EU sanctions on Syria oil and gas industry come with loopholes


The European Union, which buys 90% of Syria’s oil exports, has slapped sanctions on the nation’s oil and gas industry, but loopholes allow European energy companies to pull back only gradually from buying heavy crude or doing lucrative work in Syrian oil fields.

Syria’s other key trading partners, including Turkey, Iraq, Jordan and Lebanon, have maintained economic ties with Damascus even as Syrian troops and tanks have killed thousands of people since a popular uprising began in March.

As a result, ongoing efforts to marshal international economic pressure against Syrian President Bashar Assad and his bloody crackdown on demonstrators continue to move slowly, or not at all.


President Obama last month imposed a series of U.S. economic and travel sanctions on Syria and demanded that Assad step down. America’s economic and political ties to Syria are minimal, but White House aides said at the time that America’s allies in Europe would apply more powerful pressure by cutting Syrian oil imports.

That hasn’t happened and Susan Rice, the U.S. ambassador to the United Nations, this week urged America’s allies to tighten the squeeze on Syria. She told reporters in Washington that the Obama administration intends to add more sanctions “and we expect others to do the same.”

European and Middle Eastern officials, however, appear reluctant to damage their own domestic industries.Some officials also argue that trade embargoes and other punishments hurt ordinary Syrians more than government leaders, and warn that if their companies pull out of Syria, other countries will eagerly snap up the business.

They note that China and Russia, which have energy and other business interests in the region, continue to block Western efforts to craft United Nations sanctions on Syria.

The 27 governments in the European Union are divided on Syria, and made several compromises to get sanctions approved. As a result, when the European Union agreed this month to bar purchases of Syrian oil, it added a provision allowing member states to continue importing the oil until mid-November, a grace period that will give Damascus time to find replacement customers.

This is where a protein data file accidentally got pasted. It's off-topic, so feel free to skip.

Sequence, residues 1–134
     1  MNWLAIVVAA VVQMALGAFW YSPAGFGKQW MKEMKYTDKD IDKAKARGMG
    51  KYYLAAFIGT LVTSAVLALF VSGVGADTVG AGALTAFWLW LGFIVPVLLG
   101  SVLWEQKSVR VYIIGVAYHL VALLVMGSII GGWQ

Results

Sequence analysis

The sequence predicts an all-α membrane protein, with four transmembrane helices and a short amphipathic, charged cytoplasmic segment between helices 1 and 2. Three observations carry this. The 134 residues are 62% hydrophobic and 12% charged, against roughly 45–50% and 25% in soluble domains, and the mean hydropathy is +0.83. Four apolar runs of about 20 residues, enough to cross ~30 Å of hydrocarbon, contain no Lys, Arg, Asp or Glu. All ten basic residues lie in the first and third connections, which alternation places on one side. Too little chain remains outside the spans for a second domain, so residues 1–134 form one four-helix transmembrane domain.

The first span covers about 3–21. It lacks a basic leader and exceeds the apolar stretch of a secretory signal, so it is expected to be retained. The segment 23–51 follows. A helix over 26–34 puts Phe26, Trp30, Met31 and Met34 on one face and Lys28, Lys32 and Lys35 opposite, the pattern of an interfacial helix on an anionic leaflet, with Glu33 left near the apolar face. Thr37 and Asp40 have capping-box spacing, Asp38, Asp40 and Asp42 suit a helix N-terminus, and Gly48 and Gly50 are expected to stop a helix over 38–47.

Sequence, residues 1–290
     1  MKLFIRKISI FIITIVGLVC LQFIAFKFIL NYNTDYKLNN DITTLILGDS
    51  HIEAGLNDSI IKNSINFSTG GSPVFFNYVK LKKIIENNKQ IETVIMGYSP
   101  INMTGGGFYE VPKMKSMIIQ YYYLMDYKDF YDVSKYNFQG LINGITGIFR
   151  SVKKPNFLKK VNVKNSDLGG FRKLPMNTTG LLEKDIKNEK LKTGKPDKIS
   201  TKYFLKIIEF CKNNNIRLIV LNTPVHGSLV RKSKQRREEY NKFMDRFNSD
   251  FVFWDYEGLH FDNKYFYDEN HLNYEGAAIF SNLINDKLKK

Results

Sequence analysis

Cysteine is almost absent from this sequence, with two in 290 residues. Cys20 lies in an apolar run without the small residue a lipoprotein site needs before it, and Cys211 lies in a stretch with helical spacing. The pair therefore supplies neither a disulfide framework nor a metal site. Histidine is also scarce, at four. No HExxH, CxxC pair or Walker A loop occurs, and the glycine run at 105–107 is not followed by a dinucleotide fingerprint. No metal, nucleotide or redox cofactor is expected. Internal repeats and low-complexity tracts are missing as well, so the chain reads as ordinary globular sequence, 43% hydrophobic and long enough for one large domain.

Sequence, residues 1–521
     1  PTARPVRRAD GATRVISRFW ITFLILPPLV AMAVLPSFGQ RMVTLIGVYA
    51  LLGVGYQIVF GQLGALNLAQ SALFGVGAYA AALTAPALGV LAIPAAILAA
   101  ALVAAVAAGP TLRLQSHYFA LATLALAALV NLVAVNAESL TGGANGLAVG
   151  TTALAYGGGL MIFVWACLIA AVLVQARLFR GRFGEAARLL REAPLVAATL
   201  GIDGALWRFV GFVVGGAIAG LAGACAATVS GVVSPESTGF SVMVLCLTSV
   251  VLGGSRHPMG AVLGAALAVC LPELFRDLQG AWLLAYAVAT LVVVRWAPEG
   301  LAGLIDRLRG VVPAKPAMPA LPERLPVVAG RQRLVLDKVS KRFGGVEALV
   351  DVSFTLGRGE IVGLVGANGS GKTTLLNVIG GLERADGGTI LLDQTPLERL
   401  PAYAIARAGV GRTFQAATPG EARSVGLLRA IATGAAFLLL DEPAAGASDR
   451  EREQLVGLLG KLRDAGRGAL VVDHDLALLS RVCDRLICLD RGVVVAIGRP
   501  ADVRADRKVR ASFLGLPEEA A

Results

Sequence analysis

The International Energy Agency, an autonomous intergovernmental group based in Paris, said Tuesday that with Syria scouting new customers in China and other Asian markets, “these [oil] volumes should find other customers elsewhere.”


The EU appears close to approving new sanctions that would bar European companies from new investments in the Syrian energy sector. But companies may continue working under existing contracts, a loophole that may be large enough “to sustain Syria’s energy sector for the short to medium term,” said Mark Dubowitz, executive director of the Foundation for Defense of Democracies, a nonpartisan policy institute in Washington.

Oil industry advocates in Europe argued during the EU debates that they needed protection, and that yielding to American calls for another set of energy sanctions — like those on Iran — would just encourage Washington to seek similar punishments against other governments that fall out of favor.

Saket Vemprala, a London-based oil and gas analyst with Business Monitor International, said EU officials have moved cautiously because “they’re trying not to damage the position of European oil and gas companies that have already invested in Syria. They don’t want them to lose their licenses.”

Obama and other administration officials have sought to enlist support from Turkey, which in recent years has developed close links to the Assad government. Prime Minister Recep Tayyip Erdogan has been increasingly strident in his criticism of Assad’s crackdown, but his government, which has $2 billion in trade with Syria, has drawn the line at economic pressure.

Sanctions “only hurt the people,” said one Turkish official, who declined to be identified because he was not authorized to speak publicly on the issue.

Some major projects from Persian Gulf states have been put on hold in Syria. But experts are divided on whether this is because of official action or simply reflects private investors’ worries that Syria is a poor financial risk at the moment.

Other nations have increased their economic ties as the Syrian crisis has continued.

Iran has sent billions to Syrian banks to bolster the regime, for example, and Iraq recently struck a deal for a $10-billion oil pipeline to Syria. Iraqi Prime Minister Nouri Maliki has shown sympathy for the Damascus regime, warning Syrian protesters not to “sabotage” their state.

Iraq has helped Syria with “sharply increased oil, money, trade and official political support,” said David Pollock, a former State Department official who is now at the nonpartisan Washington Institute for Near East Policy.

Richter reported from Washington and Chu from London.